• Handles timezone/dst updates on most platforms by relying on system uptime timestamp for item expiration - Environment.TickCount64 which is also significantly faster than DateTime.UtcNow

Access / Store latency and cost at throughput saturation

BenchmarkDotNet=v0.13.1, OS=Windows 10.0.22000
AMD Ryzen 7 5800X, 1 CPU, 16 logical and 8 physical cores
.NET 6.0.5 (6.0.522.21309), X64 RyuJIT
Method Mean Error StdDev Median Gen 0 Gen 1 Allocated
Get: FastCache.Cached 15.92 ns 0.367 ns 0.941 ns 15.31 ns - - -
Get: MemoryCache 86.74 ns 2.227 ns 6.565 ns 89.43 ns 0.0019 - 32 B
Get: CacheManager 167.03 ns 3.395 ns 9.002 ns 162.56 ns 0.0105 - 176 B
Get: LazyCache 74.46 ns 1.510 ns 2.214 ns 74.81 ns - - -
Add/Upd: FC.Cached 34.57 ns 0.920 ns 2.711 ns 33.73 ns 0.0024 - 40 B
Add/Upd: MemoryCache 778.21 ns 16.728 ns 49.060 ns 775.08 ns 0.4082 0.0038 6,832 B
Add/Upd: CacheManager 1,052.22 ns 20.926 ns 27.209 ns 1,053.61 ns 0.0744 - 1,248 B
Add/Upd: LazyCache 281.60 ns 3.984 ns 3.532 ns 281.79 ns 0.0286 - 480 B


  • FastCache.Cached add and update operations are represented by single cached.Save(param1...param7, expiration) which will either add or replace existing value updating its expiration
  • Comparison was made with a string-based key. Composite keys supported by FastCache.Cached have significant performance cost if they have reference types which incurs 30-40ns extra cpu cost per each reference typed param
  • CacheManager library provides methods with highly inconsistent performance and allocation characteristics. The method for it was chosen on the basis of closest functionality to 'non-throwing add or update'
  • Overall performance stays relatively comparable when downgrading to .NET 5 and decreases further by 15-30% when using .NET Core 3.1 with the difference ratio between libraries staying close to provided above
  • Non-standard platforms (the ones that aren't CLR based) use DateTime.UtcNow fallback instead of Environment.TickCount64, which will perform slower depending on the platform-specific implementation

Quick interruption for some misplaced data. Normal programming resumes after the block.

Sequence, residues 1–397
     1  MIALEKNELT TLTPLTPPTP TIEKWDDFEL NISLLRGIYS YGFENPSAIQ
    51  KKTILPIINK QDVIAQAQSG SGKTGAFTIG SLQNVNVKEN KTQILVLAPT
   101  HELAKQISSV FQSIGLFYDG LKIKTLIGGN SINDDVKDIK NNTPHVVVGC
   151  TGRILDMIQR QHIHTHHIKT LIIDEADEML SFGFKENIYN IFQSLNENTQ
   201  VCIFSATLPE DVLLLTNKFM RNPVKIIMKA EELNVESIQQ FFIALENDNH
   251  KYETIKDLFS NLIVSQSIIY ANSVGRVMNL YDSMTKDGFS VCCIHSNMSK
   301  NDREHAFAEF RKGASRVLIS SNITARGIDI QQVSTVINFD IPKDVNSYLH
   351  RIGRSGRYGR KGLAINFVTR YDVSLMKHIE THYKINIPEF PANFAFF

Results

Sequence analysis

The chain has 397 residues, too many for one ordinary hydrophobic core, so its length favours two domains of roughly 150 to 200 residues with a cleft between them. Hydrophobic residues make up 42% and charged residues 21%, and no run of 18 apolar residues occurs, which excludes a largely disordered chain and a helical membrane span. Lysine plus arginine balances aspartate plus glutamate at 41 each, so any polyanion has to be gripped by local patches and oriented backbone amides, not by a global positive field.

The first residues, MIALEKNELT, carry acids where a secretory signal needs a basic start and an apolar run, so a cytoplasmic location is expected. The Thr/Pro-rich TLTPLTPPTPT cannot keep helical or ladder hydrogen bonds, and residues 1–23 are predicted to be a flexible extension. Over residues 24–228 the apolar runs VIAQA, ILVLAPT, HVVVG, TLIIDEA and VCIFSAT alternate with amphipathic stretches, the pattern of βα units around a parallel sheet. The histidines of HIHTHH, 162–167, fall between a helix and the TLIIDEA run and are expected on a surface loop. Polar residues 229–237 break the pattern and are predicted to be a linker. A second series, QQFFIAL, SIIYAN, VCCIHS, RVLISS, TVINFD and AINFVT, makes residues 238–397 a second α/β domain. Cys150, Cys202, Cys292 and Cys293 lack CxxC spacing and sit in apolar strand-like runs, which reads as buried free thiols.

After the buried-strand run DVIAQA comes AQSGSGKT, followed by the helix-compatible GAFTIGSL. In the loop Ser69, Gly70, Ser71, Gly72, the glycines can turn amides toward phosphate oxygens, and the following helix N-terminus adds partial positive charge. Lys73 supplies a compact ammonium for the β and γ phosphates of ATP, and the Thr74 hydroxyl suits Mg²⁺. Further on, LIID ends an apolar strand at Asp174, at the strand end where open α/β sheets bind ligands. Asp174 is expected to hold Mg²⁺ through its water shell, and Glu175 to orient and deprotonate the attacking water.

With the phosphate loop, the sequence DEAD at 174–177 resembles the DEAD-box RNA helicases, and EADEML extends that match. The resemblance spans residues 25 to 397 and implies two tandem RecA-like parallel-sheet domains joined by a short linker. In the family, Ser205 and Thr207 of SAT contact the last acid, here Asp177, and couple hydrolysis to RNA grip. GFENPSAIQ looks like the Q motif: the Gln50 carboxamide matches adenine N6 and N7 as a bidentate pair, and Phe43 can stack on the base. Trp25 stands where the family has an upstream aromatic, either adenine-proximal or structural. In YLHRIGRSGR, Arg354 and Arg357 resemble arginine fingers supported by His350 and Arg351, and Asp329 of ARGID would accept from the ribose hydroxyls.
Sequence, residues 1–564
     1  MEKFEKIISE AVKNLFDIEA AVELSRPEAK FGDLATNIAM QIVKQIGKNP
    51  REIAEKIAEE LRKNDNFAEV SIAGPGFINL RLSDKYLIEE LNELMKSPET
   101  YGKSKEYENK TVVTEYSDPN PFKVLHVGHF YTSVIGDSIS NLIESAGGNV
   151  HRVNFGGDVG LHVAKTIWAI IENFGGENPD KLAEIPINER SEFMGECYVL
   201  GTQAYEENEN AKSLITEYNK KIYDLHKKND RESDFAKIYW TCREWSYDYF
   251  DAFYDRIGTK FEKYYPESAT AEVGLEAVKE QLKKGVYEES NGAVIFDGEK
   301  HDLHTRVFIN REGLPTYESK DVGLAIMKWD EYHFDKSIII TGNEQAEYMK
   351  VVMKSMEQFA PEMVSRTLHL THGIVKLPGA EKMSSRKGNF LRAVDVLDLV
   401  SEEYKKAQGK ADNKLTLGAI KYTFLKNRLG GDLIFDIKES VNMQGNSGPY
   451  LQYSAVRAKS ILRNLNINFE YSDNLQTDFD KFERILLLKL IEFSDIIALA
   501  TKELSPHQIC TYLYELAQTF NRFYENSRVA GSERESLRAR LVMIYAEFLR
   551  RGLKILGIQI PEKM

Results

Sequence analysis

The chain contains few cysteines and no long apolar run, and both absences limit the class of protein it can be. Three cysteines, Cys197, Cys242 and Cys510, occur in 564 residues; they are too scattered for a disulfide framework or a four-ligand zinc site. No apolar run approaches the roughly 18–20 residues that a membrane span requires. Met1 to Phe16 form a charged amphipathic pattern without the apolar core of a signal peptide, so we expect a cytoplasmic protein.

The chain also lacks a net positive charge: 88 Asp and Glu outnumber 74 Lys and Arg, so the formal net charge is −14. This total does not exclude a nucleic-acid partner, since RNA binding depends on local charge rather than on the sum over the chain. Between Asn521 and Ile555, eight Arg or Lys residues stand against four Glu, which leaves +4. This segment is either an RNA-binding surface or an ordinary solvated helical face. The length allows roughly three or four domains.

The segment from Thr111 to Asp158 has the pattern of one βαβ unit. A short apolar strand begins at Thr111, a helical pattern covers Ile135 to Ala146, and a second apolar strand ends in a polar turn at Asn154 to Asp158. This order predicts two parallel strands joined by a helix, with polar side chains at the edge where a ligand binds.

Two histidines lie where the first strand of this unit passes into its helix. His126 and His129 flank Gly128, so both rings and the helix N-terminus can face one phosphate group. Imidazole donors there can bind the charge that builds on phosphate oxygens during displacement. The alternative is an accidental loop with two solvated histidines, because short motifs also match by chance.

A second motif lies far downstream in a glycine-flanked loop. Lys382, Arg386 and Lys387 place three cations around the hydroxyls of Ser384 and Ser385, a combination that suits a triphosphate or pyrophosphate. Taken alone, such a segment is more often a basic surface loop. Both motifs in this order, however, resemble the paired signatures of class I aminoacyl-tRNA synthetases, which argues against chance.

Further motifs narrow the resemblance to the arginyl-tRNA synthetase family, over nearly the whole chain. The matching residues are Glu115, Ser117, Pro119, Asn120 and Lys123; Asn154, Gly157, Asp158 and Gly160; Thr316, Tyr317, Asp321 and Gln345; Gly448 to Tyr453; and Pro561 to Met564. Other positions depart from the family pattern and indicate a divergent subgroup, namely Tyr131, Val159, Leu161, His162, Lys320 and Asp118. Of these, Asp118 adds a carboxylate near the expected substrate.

On benchmark data

Throughput saturation means that all necessary data structures are fully available in the CPU cache and branch predictor has learned branch patters of the executed code. This is only possible in scenarios such as items being retrieved or added/updated in a tight loop or very frequently on the same cores. This means that real world performance will not saturate maximum throughput and will be bottlenecked by memory access latency and branch misprediction stalls. As a result, you can expect resulting performance variance of 1-10x min latency depending on hardware and outside factors.

Product Compatible and additional computed target framework versions.
.NET net5.0 is compatible.  net5.0-windows was computed.  net6.0 is compatible.  net6.0-android was computed.  net6.0-ios was computed.  net6.0-maccatalyst was computed.  net6.0-macos was computed.  net6.0-tvos was computed.  net6.0-windows was computed.  net7.0 is compatible.  net7.0-android was computed.  net7.0-ios was computed.  net7.0-maccatalyst was computed.  net7.0-macos was computed.  net7.0-tvos was computed.  net7.0-windows was computed.  net8.0 was computed.  net8.0-android was computed.  net8.0-browser was computed.  net8.0-ios was computed.  net8.0-maccatalyst was computed.  net8.0-macos was computed.  net8.0-tvos was computed.  net8.0-windows was computed. 
.NET Core netcoreapp3.0 was computed.  netcoreapp3.1 is compatible. 
.NET Standard netstandard2.1 is compatible. 
MonoAndroid monoandroid was computed. 
MonoMac monomac was computed. 
MonoTouch monotouch was computed. 
Tizen tizen60 was computed. 
Xamarin.iOS xamarinios was computed. 
Xamarin.Mac xamarinmac was computed. 
Xamarin.TVOS xamarintvos was computed. 
Xamarin.WatchOS xamarinwatchos was computed. 
Compatible target framework(s)
Included target framework(s) (in package)
Learn more about Target Frameworks and .NET Standard.

NuGet packages

This package is not used by any NuGet packages.

GitHub repositories